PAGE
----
The Mind Game
The weather’s been terrible in the UK recently, so you’ve probably either been in the gym, on a turbo trainer or possibly a bit of hard core frosty winter mountain biking? You might even be feeling frustrated at not being able to get out on your bike, or generally feeling a bit lethargic. Don’t worry – June/July is a long way off and you’ve got plenty of time to get serious about your training. Meanwhile, there’s plenty you can do to get your head in the game.
Check out your climbs
Visualisation is SO key to any sport. Now’s a great time to be imagining being fit, strong and on your bike in the sunshine on a beautiful mountainside, or zooming down a cool river valley.
And if you’re daunted by any of the climbs on the stages you’ve signed up for, then get to know them (there’s fear in the unknown!). Learn about them and mentally prepare yourself. The fantastic Col Collective have masses of superb videos that talk you through many of the big French cols (and others too – eye candy!). Here are just a few that feature this year!
If you ARE able to get out on your bike, the Rapha 500 is a great motivator over the Christmas week and a brilliant distraction from the ‘n’th mince pie! There’s safety in numbers – folk all over the country (the world perhaps!) are trying their very best to ride 500 kms over 8 days.
Pull it off (or even give it a good shot) and you’ll be right to feel a bit smug going into 2023!
A Good Read
Get inspired by reading some great cycling-related books over Christmas. Our lead cyclist Emily Chappell will share some of her favourites over the coming months in her monthly training article, but she probably won’t be blowing her own trumpet … so we’ll do that for her!
Emily’s an author of 2 books about her cycling travels and they’re both seriously good. Check them out (and if you purchase, we’d love you to buy from an independent book sure – share the love!):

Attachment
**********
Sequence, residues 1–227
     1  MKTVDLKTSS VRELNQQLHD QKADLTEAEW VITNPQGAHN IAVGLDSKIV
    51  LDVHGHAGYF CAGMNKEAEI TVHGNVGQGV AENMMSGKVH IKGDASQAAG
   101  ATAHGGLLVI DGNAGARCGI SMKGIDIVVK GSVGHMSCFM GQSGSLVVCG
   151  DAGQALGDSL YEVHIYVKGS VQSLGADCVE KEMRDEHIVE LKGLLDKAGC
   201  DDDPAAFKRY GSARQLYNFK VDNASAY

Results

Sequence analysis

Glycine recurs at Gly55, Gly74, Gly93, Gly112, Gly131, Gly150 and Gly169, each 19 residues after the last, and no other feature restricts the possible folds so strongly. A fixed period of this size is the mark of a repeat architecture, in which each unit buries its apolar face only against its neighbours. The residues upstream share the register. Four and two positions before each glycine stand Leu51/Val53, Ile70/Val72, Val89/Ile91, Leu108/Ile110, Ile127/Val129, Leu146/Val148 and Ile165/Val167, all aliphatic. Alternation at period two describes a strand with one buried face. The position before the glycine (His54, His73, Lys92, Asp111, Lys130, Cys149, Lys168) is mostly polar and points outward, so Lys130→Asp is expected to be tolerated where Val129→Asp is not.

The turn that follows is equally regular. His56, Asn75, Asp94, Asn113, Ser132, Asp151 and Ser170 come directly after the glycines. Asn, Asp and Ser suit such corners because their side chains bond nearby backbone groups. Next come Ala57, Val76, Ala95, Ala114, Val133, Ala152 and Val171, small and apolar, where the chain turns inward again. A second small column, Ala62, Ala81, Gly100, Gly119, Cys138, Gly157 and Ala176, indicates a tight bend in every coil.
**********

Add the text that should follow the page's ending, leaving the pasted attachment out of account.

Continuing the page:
“Chappell is a gifted storyteller” – Observer
In 2015 Emily Chappell embarked on a formidable new bike race: The Transcontinental. 4,000km across Europe, unassisted, in the shortest time possible.
On her first attempt she made it only halfway, waking up suddenly on her back in a field, floored by the physical and mental exertion.
A year later she entered the race again – and won.
Where There’s a Will takes us into Emily Chappell’s race, grinding up mountain passes and charging down the other side; snatching twenty minutes’ sleep on the outskirts of a village before jumping back on the bike to surge ahead for another day; feeding in bursts and navigating on the go. We experience the crippling self-doubt of the ultra distance racer, the confusing intensity of winning and the desperation of losing a dear friend who understood all of this.
At twenty-five, Emily Chappell took up cycle couriering while she searched for a ‘real job’. Eight years on, she is still riding. As she flies through the streets of London, dancing with the traffic, Chappell records the pains and pleasures of life on wheels: the dangerous missions; the moments of fear and freedom, and ultimately the simple joy of pedalling onward.